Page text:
Thursday, September 3, 2020

One That Got Away: Deathtrap

I loved the movie version of Deathtrap the minute I saw it, especially during that one scene that included such a surprise that people in the theater screamed. Okay, I screamed, too. Anyway, as much as I enjoyed the movie, I was also consumed with the idea of seeing it as a play. Even as a film, it just screamed (verb intended), "I am meant to be seen live!" 

A few years ago, there was a high-profile London revival starring Jonathan Groff. Immediately, rumors circulated that a Broadway transfer was in the cards. But nothing came of it, and I went back to hoping for a thrilling revival over here. I remain confident that some day, I will be able to take the play off my One That Got Away list.

One That Got Away:
Ira Levin's Deathtrap

John Wood, Marian Seldes and Victor Garber

About Deathtrap:
  • There has been only one Broadway production of the play.
  • It began previews at the Music Box Theater on February 21, 1978, and 6 shows later, opened on February 26, 1978.
  • It was Ira Levin's biggest Broadway success. Musical theater fans know that he provided the book and lyrics for the short-lived, cult-favorite Drat! The Cat!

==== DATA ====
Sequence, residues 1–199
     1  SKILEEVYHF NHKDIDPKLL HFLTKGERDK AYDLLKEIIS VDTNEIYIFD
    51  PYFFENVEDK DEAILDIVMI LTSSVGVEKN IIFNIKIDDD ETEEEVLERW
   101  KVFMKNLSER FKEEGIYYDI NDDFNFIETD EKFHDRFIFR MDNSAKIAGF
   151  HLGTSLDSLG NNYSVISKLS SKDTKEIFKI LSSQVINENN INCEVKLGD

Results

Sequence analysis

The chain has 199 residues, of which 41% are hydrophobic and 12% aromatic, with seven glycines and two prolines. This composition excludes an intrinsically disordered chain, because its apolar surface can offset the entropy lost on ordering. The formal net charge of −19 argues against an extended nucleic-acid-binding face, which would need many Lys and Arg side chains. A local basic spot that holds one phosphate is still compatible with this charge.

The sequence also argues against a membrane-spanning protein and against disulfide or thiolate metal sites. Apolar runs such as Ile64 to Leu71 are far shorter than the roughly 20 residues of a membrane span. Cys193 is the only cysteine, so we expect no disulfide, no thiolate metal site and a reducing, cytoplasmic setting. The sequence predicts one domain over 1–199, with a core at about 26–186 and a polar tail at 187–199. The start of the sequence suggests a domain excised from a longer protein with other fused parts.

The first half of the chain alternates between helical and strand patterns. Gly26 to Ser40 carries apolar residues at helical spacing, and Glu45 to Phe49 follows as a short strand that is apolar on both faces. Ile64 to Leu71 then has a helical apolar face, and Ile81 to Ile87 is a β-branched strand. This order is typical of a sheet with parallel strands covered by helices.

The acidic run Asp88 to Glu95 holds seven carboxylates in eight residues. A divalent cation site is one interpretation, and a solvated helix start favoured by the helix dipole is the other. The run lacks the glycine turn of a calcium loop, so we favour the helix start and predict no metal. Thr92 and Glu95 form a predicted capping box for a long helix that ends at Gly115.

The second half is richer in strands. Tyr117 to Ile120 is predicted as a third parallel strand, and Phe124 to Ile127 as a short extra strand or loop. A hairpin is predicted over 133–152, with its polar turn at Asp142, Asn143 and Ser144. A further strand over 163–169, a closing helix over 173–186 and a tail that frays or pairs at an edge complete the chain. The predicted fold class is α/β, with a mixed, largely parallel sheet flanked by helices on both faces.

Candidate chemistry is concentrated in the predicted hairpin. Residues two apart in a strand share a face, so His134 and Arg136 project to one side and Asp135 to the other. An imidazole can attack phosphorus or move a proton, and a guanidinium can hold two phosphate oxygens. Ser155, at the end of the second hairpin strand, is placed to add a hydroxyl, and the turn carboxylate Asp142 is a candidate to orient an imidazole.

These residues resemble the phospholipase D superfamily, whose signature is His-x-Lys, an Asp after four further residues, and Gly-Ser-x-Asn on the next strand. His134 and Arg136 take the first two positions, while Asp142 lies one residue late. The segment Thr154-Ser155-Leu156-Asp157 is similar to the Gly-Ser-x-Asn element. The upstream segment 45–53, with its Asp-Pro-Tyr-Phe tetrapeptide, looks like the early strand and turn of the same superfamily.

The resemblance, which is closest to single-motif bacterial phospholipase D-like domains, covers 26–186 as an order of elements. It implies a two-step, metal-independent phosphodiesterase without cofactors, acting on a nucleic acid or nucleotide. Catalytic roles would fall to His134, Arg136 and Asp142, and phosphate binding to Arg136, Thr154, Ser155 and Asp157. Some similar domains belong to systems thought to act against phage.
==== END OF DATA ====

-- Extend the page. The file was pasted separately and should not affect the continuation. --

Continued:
• The original cast included Tony Award winner John Wood (Travesties) and, in his debut, Victor Garber.
  • Also in the original cast was stage legend and Tony winner Marian Seldes (nominated for this show as well), who famously played every single performance of the play. All of them!

Stacy Keach (left), Marian Seldes (center)

  • Robert Moore was the director. He made his directorial debut with Promises, Promises, and went on to direct several other Neil Simon works, including They're Playing Our Song. His final project was Woman of the Year.
  • Over the play's run, such high-profile actors as John Cullum, Farley Granger, Stacy Keach and Robert Reed joined the cast.
  • Deathtrap played its final six months of performances at the Biltmore Theatre, where it closed on June 13, 1982 following 1,793 performances.
  • Deathtrap is currently the fifth longest-running play on Broadway, and the forty-second longest-running show overall.

Here's hoping there'll be a revival soon. I could use a fun scream these days.


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